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Pa. PD disbands mounted unit

The move will put more officers on patrol, saving the department in officer overtime pay

Pa. PD disbands mounted unit

“We thought it would be a good idea to get out and just say hello and allow the kids to see the horses and show our support,” said Dancause, who mentioned her son’s favorite horse is King.

Lancaster PA Bureau of Police via Facebook

By Olivia M. Miller
LNP, Lancaster, Pa.

LANCASTER, Pa. — A stable in Long’s Park, which has been home to the Lancaster city police mounted unit, filled with people Saturday bidding farewell to the unit after 44 years of service.

“I just want to thank the public for all their support throughout the years. I mean, it’s what has kept us going,” said Lancaster city police Officer Gregory Berry, who has been with the department for 24 years and a mounted unit officer for nine years.

In September, the City of Lancaster announced the disbandment of its police mounted horse patrol, as well as the fire department’s Station 6. Lancaster Mayor Danene Sorace said the decision was made to save money and have more officers on patrol.

While the mounted unit operates on donations and fundraisers, moving the officers to patrol will help with the department’s overtime costs, which police Chief Richard Mendez said earlier amounts to an estimated $900,000 this year. When it comes to the number of officers, the department is approved for 145 but only has 115, with an expected six to eight retirements due in the coming months.

Saturday’s gathering was expected to draw around 500 people throughout the day, according to Berry. Alongside the stables, which were open to see and pet the horses, was a tent with cakes donated by Central Manor Bakery, coffee from Speckled Hen and barbecue from Mission BBQ.

Among the attendees was Megan Dancause, 34, with her 2-year-old son, Archie Wysock. Even though Dancause lives in Mount Joy, she said she and her son are in Lancaster city often because they use a day care there.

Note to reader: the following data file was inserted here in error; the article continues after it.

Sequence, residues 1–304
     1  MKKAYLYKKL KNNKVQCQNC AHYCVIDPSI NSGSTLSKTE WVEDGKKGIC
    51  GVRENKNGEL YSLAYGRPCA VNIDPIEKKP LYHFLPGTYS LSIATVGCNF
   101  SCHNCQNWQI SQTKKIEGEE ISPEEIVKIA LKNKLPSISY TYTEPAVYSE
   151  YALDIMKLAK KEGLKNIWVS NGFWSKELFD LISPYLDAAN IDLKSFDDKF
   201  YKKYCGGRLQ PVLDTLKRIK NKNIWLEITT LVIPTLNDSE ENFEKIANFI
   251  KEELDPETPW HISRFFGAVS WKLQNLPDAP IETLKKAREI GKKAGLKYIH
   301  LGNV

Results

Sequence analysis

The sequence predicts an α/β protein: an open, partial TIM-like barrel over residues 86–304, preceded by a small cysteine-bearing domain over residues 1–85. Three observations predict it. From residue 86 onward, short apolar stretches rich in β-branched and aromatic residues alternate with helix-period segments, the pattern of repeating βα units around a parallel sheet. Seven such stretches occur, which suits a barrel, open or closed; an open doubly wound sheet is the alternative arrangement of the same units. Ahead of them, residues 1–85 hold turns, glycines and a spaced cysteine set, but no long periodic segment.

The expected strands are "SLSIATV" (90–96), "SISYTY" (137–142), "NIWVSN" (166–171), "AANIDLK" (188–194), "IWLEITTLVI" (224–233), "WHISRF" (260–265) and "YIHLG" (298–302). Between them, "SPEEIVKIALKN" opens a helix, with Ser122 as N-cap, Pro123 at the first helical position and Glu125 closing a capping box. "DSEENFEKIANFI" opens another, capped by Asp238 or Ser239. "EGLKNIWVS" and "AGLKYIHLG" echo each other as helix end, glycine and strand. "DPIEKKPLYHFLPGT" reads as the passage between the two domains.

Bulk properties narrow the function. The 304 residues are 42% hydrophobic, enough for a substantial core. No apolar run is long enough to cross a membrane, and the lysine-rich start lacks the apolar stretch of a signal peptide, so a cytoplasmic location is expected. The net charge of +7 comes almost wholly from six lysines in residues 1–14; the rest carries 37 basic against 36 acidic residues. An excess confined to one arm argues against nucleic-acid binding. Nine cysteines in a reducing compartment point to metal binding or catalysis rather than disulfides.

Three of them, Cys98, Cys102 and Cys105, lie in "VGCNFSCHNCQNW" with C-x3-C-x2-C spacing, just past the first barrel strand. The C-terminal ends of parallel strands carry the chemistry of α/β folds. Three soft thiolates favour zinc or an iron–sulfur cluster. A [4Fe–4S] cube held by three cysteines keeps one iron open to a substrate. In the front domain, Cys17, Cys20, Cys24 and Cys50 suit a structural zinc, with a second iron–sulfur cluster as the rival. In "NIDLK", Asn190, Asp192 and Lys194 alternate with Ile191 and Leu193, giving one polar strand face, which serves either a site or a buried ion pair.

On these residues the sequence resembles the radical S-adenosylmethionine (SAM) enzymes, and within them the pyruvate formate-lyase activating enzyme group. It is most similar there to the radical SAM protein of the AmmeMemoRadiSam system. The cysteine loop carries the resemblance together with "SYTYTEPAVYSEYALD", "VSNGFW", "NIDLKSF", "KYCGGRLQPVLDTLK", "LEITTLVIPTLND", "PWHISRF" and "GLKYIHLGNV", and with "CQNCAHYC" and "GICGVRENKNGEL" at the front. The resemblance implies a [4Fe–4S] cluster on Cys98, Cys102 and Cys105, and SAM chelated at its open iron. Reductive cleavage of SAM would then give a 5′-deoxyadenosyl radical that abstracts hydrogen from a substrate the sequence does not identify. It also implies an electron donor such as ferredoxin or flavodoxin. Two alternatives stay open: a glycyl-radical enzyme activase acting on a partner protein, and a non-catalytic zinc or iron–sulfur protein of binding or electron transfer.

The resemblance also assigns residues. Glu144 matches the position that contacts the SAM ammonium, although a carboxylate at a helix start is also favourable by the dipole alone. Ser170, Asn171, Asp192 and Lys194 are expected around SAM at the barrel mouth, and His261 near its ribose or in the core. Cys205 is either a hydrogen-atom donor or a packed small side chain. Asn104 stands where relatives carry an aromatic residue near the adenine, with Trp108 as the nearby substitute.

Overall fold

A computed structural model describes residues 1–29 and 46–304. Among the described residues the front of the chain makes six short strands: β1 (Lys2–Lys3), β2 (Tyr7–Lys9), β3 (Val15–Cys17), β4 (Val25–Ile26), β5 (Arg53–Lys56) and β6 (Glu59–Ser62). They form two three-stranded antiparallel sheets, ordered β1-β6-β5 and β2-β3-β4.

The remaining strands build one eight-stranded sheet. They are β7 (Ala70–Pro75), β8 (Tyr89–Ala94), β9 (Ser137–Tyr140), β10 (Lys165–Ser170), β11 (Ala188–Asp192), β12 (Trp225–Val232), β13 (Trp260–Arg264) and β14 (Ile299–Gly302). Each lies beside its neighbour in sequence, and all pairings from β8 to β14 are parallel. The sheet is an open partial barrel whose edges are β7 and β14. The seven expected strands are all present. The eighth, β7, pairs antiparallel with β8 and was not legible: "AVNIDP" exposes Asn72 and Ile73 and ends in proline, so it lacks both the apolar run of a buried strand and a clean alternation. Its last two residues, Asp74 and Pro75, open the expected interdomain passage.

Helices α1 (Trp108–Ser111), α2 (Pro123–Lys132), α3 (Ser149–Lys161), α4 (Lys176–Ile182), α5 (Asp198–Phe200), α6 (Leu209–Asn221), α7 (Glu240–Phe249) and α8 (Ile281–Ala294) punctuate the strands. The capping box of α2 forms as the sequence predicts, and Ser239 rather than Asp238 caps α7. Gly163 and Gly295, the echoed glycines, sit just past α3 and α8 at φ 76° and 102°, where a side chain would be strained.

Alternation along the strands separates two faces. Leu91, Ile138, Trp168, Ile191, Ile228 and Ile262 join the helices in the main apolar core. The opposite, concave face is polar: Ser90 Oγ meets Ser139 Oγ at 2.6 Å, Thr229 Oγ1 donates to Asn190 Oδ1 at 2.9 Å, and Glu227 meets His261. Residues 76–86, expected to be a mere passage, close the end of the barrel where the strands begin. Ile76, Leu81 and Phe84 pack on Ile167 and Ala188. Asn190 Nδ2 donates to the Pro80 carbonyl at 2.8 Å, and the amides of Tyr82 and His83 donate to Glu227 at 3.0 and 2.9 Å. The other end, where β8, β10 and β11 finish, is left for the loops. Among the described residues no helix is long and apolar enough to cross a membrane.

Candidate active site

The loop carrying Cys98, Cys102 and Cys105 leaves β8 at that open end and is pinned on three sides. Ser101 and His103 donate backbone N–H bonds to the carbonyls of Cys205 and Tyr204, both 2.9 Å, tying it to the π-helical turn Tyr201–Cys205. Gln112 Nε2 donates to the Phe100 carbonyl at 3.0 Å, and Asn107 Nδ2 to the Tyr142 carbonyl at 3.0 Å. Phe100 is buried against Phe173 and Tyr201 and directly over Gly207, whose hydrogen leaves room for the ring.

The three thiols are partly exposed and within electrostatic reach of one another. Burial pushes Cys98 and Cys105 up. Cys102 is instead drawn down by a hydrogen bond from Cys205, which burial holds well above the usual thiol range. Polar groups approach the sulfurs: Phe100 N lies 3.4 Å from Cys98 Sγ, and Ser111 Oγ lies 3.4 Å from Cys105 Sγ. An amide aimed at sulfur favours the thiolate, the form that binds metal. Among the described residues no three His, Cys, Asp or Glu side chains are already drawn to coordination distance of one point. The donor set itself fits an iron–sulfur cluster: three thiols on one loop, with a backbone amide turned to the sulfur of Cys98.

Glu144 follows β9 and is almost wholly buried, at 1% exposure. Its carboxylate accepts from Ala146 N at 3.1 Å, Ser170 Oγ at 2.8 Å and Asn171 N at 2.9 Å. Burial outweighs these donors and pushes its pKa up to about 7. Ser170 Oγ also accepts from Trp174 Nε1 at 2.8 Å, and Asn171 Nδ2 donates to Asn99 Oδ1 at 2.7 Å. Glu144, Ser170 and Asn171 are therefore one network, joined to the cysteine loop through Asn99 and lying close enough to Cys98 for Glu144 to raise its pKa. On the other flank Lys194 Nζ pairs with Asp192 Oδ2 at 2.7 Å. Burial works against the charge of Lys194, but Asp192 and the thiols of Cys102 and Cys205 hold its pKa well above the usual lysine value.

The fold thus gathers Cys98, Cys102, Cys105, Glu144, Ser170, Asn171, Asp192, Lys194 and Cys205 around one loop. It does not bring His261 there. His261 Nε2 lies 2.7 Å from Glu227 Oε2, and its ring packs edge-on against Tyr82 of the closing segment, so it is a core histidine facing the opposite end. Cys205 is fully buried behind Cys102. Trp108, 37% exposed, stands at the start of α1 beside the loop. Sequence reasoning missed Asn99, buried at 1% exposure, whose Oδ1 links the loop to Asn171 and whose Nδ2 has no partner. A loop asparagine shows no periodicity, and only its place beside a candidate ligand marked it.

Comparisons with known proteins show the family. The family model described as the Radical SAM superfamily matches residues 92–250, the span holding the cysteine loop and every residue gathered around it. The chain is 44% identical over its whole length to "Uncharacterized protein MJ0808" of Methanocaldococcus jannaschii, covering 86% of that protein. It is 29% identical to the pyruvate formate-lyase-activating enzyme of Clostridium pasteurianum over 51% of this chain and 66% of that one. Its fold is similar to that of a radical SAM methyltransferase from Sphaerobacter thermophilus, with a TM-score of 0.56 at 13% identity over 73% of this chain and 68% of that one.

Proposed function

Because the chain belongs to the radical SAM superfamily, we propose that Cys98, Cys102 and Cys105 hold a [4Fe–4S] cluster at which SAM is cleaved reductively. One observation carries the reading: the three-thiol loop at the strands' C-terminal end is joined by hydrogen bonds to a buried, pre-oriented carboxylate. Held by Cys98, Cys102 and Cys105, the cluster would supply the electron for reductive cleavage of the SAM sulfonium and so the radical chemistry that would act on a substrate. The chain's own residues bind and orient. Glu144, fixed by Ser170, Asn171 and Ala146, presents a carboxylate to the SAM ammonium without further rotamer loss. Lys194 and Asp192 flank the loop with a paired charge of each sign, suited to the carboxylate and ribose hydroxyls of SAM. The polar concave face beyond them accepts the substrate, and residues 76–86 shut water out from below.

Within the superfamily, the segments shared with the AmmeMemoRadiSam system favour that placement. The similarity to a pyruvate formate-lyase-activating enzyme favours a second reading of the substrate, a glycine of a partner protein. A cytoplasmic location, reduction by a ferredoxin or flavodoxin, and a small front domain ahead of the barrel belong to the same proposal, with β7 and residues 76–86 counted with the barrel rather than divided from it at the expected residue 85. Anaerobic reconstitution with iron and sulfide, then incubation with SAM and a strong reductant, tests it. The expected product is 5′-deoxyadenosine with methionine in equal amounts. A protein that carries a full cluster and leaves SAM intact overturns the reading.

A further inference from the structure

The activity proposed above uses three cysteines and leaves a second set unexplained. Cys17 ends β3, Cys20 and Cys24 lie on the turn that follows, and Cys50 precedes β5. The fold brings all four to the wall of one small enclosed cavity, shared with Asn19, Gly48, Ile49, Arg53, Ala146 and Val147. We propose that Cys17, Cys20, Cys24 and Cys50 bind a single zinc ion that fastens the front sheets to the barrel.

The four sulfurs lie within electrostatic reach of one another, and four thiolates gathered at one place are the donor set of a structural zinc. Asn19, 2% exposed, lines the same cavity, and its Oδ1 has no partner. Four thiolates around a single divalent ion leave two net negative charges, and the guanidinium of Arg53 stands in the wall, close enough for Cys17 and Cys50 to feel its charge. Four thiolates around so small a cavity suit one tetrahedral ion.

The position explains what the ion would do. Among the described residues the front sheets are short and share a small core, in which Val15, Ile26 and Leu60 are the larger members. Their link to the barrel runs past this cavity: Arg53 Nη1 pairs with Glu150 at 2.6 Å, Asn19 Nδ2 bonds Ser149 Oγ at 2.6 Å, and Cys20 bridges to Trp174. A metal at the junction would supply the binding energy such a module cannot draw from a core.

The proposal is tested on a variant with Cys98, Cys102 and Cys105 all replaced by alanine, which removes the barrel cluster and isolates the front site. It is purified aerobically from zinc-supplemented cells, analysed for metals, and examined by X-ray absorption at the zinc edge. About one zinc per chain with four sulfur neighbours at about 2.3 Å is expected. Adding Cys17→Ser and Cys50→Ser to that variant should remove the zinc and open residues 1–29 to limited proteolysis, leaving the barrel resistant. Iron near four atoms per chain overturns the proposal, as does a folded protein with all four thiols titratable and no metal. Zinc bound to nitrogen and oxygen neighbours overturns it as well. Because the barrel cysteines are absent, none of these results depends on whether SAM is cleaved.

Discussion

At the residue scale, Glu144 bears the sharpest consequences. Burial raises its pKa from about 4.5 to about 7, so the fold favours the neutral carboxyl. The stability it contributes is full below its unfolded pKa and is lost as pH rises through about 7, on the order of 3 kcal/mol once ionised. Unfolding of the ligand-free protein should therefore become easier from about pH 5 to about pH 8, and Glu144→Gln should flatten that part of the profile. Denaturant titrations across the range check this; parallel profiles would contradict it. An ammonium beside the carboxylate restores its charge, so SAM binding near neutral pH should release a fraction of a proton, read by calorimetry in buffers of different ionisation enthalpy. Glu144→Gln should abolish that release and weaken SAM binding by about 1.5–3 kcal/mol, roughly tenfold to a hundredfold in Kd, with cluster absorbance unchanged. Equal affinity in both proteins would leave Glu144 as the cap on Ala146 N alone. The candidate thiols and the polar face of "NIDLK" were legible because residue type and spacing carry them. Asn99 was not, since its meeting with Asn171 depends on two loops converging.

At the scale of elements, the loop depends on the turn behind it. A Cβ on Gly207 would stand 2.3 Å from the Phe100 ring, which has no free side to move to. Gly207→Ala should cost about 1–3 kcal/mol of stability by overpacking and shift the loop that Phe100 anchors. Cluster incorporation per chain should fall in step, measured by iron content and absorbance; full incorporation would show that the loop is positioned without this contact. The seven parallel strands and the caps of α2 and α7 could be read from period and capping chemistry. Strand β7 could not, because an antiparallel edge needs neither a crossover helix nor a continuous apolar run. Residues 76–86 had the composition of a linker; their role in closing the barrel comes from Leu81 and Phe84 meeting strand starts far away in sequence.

“We thought it would be a good idea to get out and just say hello and allow the kids to see the horses and show our support,” said Dancause, who mentioned her son’s favorite horse is King.

King was one of three horses in the mounted unit, alongside Jake and Angus, who joined the team in July. One part-time and three full-time officers, including Berry, made up the unit. The officers help take care of the horses, starting and ending their shifts at the stables.

“They felt that the three of us would be more effective in cars rather than on horses,” Berry said. “Obviously, none of us are happy about it, but it is what it is.”

Berry said the mounted unit’s horses are an “ice breaker,” describing how they personalize officers to the public.

“Most people aren’t going to just generally walk up to a police car and strike up a conversation with a police officer,” he said. “With the horses, you’re right out there amongst everybody.”

In about two weeks, the plan is for the horses to be taken to their new homes which haven’t been finalized yet, according to Berry. The officers will continue their work, only out of police cars.

In October, an online petition was created in the hopes of reversing Sorace’s decision to disband the mounted unit. As of Saturday night it had over 1,500 signatures.

When asked for comment Saturday, Sorace responded via email: “This decision was made after careful consideration and consultation with the Bureau of Police. The Mounted Unit has served the community for decades, and its discontinuation is a difficult but necessary step. Public safety remains the City’s top priority, and these changes are crucial to maintaining a high standard of public safety. I am grateful for the outpouring of support for officers and horses alike and look forward to our continuing partnership with the Lancaster City Police Foundation.”

The creator of the petition, Suzanne Harman, 59, of Mountville, also attended Saturday’s farewell gathering. She said she has been a volunteer with the mounted unit for over 20 years.

“This is very near and dear to me,” Harman said. “I have seen what an impact they’ve had on our community, especially the bonding between our police officers and civilians in creating that bond and that trust.”

On the petition’s website last month, Harman said she went to the Oct. 10 Lancaster City Council meeting and plans to attend the next meeting on Nov. 14. She encouraged all to join her.


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